At the end of July, my time as interim dean will come to an end and our new dean, Randy Bomer, joins us from the University of Texas in Austin. It has been such a phenomenol year, and I am honored to have served UNT's College of Education as interim dean. I will return to the position of associate dean for academic affairs and research. I look forward to working with incoming Dean Bomer and the rest of the administrative team, and I'm excited to see what he has in store for us! In my final column, I want to highlight some great work that has been going on in the college over the last few months.

Many of you may know Hope Garcia, a longtime UNT Student Affairs professional and a 2015 graduate of our Higher Education doctoral program. I’m very happy to announce that Hope, now director of Student Services at UNT’s New College at Frisco, has been elected to the Texas Association for College and University Student Personnel Administrators (TACUSPA) Board of Directors. She will be working with education professionals from across the state to support students and institutions.

We’re also very proud of Teacher Education and Administration professor Dina Castro, who has been elected to the Governing Board of the National Association for the Education of Young Children. Dr. Castro will be working with NAEYC’s more than 300 regional chapters. Congratulations!

And finally I’d like to make one final appeal to those of you who worked or studied with my predecesser, Dr. Jerry Thomas. When Dean Thomas retired, we started a scholarship in his honor. That fund has almost reached endowment level, which is when we’ll be able to start awarding it to deserving students. Your gifts, no matter what size, make an enormous difference. As an added bonus, alumna and Development Board chair Cathy Bryce and her husband, fellow alum Jack Atkins, have committed to matching every gift through Aug. 31, 2017, up to a total of $7,000!

If you would like to make a gift to Dean Thomas’ scholarship, visit For more information, you can always give us a call at 940-369-7805.

Alumni Spotlight: Erin Pack-Jordan

How did UNT’s College of Education prepare you for your career?
UNT prepared me quite well for my career in and out of the classroom. As a first-generation college student, I was anxious about the future and how to proceed with my education. The wonderful professors and advisors in both the College of Education (and the College of Arts and Sciences, where I earned my bachelor’s degree) guided me. In my current job, I write, research and edit state history textbooks. In this capacity, I make materials both accurate and appealing for teachers and students. Being a teacher helped me be successful in this job. Currently, I’m working on curriculum and textbook materials for middle school Washington and Georgia state histories.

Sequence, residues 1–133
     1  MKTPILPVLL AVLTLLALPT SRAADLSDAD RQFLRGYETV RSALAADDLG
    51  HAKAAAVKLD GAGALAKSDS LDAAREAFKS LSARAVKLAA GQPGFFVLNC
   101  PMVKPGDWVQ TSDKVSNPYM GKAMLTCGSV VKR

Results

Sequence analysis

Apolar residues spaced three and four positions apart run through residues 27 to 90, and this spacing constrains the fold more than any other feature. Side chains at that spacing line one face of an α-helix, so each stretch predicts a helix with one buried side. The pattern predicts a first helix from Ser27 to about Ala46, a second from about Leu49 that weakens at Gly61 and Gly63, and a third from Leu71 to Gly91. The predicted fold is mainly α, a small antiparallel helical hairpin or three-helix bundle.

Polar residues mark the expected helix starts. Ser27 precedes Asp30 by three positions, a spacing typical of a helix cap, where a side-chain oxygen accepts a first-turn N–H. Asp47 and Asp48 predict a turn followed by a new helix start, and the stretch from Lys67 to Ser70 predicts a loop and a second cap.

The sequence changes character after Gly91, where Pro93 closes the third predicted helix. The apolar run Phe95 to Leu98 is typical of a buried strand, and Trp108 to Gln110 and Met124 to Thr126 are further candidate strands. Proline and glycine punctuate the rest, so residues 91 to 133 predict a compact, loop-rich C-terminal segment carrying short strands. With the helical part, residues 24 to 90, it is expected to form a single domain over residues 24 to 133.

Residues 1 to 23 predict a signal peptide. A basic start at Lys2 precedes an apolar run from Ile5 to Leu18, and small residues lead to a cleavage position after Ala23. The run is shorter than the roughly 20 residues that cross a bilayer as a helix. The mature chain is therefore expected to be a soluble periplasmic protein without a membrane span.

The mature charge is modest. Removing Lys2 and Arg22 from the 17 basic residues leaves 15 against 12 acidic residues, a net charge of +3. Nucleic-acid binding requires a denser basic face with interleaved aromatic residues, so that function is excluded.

What was the most valuable thing you learned while you were here?
What I enjoyed the most about the education program at UNT was the practical aspects. It really prepared me for how classrooms function. I felt like I was “ahead of the curve” as far as preparation for teaching.

What made you choose UNT?
As I mentioned before, I was a first-generation college student from a small town. My brother went to and graduated from UNT in 2005, the year I graduated high school. Although I got into other colleges, UNT felt both comfortable yet exciting. It was also affordable. I’m so glad I did because it opened up so many doors for me.

When did you know you wanted to teach?
In college, I was heavily involved with judging high school speech and debate competitions. I began subbing for several of those coaches and enjoyed my experiences with that. I also worked as a supplemental instructor for the UNT Learning Center. It just seemed like a natural fit. I taught high school social studies and English classes, and coached speech and debate until the opportunity to work for a textbook company appeared.

Anything else you’d like to add?
An education degree does not limit you to the classroom! Education is all around us, so if you have an opportunity outside of teaching don’t be afraid to take it! When the opportunity for my current job presented itself, I immediately took it even though I had originally planned to continue teaching.


Erin Pack-Jordan (’08, ’11 M.Ed.) is currently employed as associate editor for history education at Gibbs Smith Publishing.

UNT lecture to shed light on raising athletes

Parents contemplating how to take their child from Little League to the big leagues won’t want to miss the University of North Texas’s July 13 (Thursday) open house and lecture titled “How to Raise an Athlete Successfully.”

The lecture will feature Yannis Pitsiladis, a member of the International Olympic Committee Medical and Scientific Commission and scientific director of the International Federation of Sports Medicine (FIMS). It will be followed by a Q&A focusing on Pitsiladis’ work as director of the Sub2Hour Marathon Project.

The open house, organized by the UNT Department of Kinesiology, Health Promotion and Recreation, will begin at 5 p.m. at UNT New College in Frisco. Pitsiladis’ lecture will begin at 6:30.

Pitsiladis is the founding member of the Sub2 Marathon project, the first international research initiative bringing together scientists, athletes and industry partners to promote elite marathon performance. The group aims to break the two-hour marathon barrier – helping an athlete finish a marathon in less than two hours – using a dedicated scientific approach.

The open house will showcase UNT KHPR’s research and degree programs and UNT’s collaborations with professional sports organizations worldwide, including the Dallas Cowboys and the Dallas Griffins rugby team. The event is the culmination of a site visit from FIMS, which Pitsiladis is helping to conduct. The site visit is the final step before UNT’s Applied Physiology Lab is designated the first Collaborating Center of Sports Medicine in North America, part of FIMS’ global network.

Both the open house and lecture are free and open to the public, and no preregistration is required. For more information, call 972-668-8118 or email